Assessment of Psychosocial Status among Short-stature Children with and without Growth Hormone Therapy and Their Parents.

Naiki Y, Horikawa R, Tanaka T, Child Health and Development Netwo - Clin Pediatr Endocrinol (2013)

Numbers of children being bullied by peers according to their GHT status, age rangeand height. The numbers are divided by the patient’s age (younger than 9 yr old, agebetween 10 to 12 yr old and older than 13 yr old). Each group was also divided bypatient height below or above –2SD. The upper panel shows patients with GHT, and thelower panel shows those without GHT. Black bars indicate numbers of patients that havebeen bullied and gray bars show the numbers of those who have not been bullied.
© Copyright Policy - open-access
Related In: Results  -  Collection

License
Show All Figures
getmorefigures.php?uid=PMC3756184&req=5

fig_004: Numbers of children being bullied by peers according to their GHT status, age rangeand height. The numbers are divided by the patient’s age (younger than 9 yr old, agebetween 10 to 12 yr old and older than 13 yr old). Each group was also divided bypatient height below or above –2SD. The upper panel shows patients with GHT, and thelower panel shows those without GHT. Black bars indicate numbers of patients that havebeen bullied and gray bars show the numbers of those who have not been bullied.
Mentions: Children who received GHT and those who did not reported a similar likelihood of feelinginferior about their shortness (79% vs. 83%), being unsatisfied with their height (84% vs.90%), expecting GHT to make them taller (81% vs. 75%), having no difficulty in their dailylived (90% vs. 93%), being positive (81% vs. 75%), having been bullied in their classroom(26% vs. 29%), and worrying about their height (56% vs. 55%), respectively. However,children receiving GHT showed a greater expectation to be taller versus those without GHT(97% vs. 83%, respectively). Also, there was a tendency for patients of a younger age andshorter stature to be more likely to be bullied (Fig.4Fig. 4

Bottom Line: Ninety-eight percent of parents of children with GHT and 83% of parents of children without GHT had expected the current treatment strategy to be effective.It is important for doctors to inform their patients regarding realistic height expectations before starting GHT.Additionally, medical consultation is recommended for patients who remain below -2 SD in height despite GHT.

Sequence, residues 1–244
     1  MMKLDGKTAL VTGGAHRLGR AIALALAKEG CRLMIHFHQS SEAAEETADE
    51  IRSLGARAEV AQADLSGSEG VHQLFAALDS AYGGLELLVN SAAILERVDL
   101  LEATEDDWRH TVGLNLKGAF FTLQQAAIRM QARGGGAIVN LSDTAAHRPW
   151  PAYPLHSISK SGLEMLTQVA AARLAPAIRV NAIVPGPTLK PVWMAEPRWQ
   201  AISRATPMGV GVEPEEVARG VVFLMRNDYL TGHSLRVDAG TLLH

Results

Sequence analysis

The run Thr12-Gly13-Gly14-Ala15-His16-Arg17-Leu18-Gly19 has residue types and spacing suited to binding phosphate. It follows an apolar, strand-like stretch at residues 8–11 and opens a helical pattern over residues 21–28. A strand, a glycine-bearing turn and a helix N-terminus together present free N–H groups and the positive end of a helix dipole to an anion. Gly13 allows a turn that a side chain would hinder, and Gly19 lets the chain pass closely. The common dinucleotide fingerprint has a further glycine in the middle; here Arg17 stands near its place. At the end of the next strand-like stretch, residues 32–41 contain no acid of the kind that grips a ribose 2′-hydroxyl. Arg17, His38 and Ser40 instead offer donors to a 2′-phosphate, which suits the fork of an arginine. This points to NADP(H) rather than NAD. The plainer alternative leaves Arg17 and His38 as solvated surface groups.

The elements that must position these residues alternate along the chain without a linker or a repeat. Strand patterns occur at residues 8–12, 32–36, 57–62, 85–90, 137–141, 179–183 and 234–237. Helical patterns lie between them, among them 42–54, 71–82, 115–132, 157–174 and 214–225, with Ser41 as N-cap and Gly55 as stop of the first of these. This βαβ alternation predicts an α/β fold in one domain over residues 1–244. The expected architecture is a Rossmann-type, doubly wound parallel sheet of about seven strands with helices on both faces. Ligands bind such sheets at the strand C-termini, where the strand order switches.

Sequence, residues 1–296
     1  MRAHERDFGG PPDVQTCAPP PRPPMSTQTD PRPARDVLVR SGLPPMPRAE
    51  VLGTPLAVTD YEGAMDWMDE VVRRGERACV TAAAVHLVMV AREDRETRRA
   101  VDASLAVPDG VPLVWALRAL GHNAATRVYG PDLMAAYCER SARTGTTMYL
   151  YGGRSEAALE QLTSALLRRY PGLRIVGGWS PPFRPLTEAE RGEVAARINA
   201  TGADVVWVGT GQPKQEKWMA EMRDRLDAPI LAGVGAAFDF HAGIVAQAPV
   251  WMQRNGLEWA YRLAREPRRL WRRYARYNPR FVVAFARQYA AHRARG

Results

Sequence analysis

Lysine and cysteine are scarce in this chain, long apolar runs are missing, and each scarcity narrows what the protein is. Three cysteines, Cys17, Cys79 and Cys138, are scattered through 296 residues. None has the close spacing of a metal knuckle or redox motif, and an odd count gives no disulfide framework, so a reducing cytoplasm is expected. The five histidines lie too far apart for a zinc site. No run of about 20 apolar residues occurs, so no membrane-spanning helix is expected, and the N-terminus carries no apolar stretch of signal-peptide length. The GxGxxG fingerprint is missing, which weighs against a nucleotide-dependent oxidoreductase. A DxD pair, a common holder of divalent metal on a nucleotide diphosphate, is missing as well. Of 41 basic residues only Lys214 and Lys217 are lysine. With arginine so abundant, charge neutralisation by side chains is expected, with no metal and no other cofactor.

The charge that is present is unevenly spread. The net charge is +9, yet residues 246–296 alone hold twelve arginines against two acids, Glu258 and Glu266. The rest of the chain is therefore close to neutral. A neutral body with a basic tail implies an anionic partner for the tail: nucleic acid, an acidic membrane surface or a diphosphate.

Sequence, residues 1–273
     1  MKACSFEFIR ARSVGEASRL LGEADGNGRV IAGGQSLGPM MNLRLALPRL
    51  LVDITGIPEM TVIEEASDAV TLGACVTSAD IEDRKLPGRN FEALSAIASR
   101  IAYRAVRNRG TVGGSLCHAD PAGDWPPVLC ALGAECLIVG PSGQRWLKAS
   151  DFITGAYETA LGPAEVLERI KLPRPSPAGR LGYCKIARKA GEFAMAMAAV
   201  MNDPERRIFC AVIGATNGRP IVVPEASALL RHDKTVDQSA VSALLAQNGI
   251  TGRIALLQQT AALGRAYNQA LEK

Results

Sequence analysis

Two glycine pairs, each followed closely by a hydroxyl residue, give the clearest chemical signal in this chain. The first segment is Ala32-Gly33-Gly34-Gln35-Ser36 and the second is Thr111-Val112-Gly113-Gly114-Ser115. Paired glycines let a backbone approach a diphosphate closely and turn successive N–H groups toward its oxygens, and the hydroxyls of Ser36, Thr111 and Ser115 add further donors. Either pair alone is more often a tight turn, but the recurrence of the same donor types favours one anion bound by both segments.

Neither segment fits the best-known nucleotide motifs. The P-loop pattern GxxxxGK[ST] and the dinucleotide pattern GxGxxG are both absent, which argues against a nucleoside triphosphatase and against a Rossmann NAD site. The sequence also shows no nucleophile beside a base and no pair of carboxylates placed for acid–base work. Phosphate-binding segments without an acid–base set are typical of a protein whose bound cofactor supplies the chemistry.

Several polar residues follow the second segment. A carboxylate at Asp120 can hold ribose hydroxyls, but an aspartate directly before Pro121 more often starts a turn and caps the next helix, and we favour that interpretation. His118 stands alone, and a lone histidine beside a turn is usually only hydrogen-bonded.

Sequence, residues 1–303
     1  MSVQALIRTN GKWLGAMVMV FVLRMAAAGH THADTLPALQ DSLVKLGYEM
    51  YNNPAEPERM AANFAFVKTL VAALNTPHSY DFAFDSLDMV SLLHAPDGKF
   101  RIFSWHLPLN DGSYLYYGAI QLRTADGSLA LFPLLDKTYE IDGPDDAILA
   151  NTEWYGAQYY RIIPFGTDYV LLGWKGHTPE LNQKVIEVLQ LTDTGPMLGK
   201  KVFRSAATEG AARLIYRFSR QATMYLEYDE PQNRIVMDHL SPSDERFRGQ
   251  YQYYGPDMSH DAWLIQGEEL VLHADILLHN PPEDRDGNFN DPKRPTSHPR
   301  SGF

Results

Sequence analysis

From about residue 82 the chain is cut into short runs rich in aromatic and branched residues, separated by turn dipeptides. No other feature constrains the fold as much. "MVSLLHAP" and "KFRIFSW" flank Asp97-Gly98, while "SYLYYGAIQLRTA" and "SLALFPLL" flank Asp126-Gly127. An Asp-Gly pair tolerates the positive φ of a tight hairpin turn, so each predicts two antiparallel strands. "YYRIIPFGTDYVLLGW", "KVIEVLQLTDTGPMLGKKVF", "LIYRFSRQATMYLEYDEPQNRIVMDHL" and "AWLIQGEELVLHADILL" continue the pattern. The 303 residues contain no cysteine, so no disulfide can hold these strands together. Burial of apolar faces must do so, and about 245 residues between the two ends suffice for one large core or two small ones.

View Article: PubMed Central - PubMed

Affiliation: Division of Endocrinology and Metabolism, National Center for Child Health and Development, Tokyo, Japan.

ABSTRACT
To evaluate the psychosocial status of short children with and without growth hormone therapy (GHT) and that of their parents, self-administered questionnaires were collected from patients and parents who regularly visit the outpatient clinics participating in the Child Health and Development Network. Completed questionnaires were received for one hundred and thirteen patients with GHT and 67 patients without GHT. According to the parents, both children with GHT and without GHT have no difficulty in their daily lives (89% vs. 95%) and are positive (56% vs. 65%), respectively. Ninety-eight percent of parents of children with GHT and 83% of parents of children without GHT had expected the current treatment strategy to be effective. Parents of children with GHT are more satisfied with the current therapy than those without GHT (79% vs. 50%), and feel less anxiety about the on-going therapy than (31% vs. 58%, respectively). Children treated with or without equally reported having no difficulty in their daily lives (90% vs. 93%), and being positive in their lives (81% vs. 75%, respectively) despite their short stature. Although less than one third of the patients have been bullied in their classroom (26% with GHT vs. 29% without GHT), younger and shorter children tend to be bullied more often. Short children undergoing GHT and their parents have anxiety regarding their height and expectations of the effect of GHT. It is important for doctors to inform their patients regarding realistic height expectations before starting GHT. Additionally, medical consultation is recommended for patients who remain below -2 SD in height despite GHT.

No MeSH data available.


Related in: MedlinePlus